They chased the spice over the vast deserts of Frank Herbert’s fictional Dune, and the oil on Earth. But for the denizens of Jimmy Buffett’s “Margaritaville,” there is only one pressing concern — the acquisition of limes to flavor the guacamole and icy frothed drinks served with a rimmer of salt.

That self-delusional pursuit of happiness has been harshed this year by regional violence, drought, and plant disease in Mexico, where most of our limes are grown in Colina. Lime prices nearly doubled to $100 per case this year following the supply shock, according to the U.S. Department of Agriculture.

In fact, the average individual lime price rose from 21 cents to 53 cents. Ronnie Cohen, vice president of sales for Vision Import Group, told USA Today the price had never been so high, with afficionados of the fruit now referring to “ore verde,” or green gold.

"We're at an unprecedented price point," Cohen said.

The steep lime appreciation has even drawn the interest of some drug cartels, according to The Week, as some traffic in stolen limes on the black market.

However, the shortage is expected to remain short-lived, with a good lime harvest expected for May. Meanwhile, most restaurants will refrain from raising prices for Margaritas and other lime-related offerings, sometimes substituting for lemons, according to Annika Stensson, spokeswoman for the National Restaurant Association.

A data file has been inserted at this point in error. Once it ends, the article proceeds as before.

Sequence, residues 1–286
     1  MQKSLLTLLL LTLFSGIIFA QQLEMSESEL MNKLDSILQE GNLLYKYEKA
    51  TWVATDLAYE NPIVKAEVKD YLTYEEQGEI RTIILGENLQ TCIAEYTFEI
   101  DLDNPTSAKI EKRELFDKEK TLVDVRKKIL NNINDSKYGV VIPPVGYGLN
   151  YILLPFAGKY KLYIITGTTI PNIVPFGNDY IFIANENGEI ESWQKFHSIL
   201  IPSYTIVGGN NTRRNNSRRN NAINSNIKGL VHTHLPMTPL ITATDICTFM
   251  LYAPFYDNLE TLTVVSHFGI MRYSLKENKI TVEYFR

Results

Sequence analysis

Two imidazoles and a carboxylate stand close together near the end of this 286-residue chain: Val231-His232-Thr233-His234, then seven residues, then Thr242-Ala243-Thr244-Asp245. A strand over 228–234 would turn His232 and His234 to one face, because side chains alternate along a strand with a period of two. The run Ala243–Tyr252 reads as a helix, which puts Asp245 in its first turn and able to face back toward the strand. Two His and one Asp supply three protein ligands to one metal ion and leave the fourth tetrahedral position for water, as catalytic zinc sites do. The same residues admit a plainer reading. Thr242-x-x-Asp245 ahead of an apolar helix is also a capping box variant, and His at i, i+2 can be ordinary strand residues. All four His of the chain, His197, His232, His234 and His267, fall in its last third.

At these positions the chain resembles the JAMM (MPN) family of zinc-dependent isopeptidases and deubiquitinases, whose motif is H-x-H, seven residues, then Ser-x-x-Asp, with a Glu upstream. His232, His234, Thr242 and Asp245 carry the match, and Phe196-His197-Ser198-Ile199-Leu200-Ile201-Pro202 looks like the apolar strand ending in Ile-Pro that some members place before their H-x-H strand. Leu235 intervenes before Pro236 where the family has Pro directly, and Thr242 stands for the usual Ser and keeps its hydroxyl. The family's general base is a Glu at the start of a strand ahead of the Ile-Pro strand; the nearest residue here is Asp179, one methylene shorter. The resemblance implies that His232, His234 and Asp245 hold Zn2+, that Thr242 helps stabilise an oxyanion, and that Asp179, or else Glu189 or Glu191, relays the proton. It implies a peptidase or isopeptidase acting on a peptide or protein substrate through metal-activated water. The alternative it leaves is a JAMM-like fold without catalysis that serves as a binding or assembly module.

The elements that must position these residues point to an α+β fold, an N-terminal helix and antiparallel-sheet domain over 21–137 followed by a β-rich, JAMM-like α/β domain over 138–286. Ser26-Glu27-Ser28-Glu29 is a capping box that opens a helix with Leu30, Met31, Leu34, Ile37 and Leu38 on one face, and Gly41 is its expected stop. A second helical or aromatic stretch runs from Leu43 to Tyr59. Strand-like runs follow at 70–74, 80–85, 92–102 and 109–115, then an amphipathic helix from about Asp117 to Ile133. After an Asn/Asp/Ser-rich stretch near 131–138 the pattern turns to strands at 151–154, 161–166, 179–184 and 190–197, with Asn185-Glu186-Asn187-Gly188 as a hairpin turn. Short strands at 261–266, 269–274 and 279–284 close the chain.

Much of the supply disruption may be attributed to huanglongbing, known as citrus greening disease, which had previously hit a significant portion of Florida’s citrus crops before spreading to Mexico, too. The bacterial disease is spread via the Asian citrus psyllid, a small flying insect whose visits presage death by a few years. Since 2005, the disease has cost Florida’s citrus industry some $2.5 billion in a $2 billion per year industry.

Though ravaged by the world’s most serious agricultural diseases, limes are expected to be stocked in most supermarkets throughout the United States — just a higher price, says Lance Jungmeyer, president of the Fresh Produce Association of the Americas. “Stores are not going to quit carrying limes,” he told USA Today. “Odds are you’ll still find them.”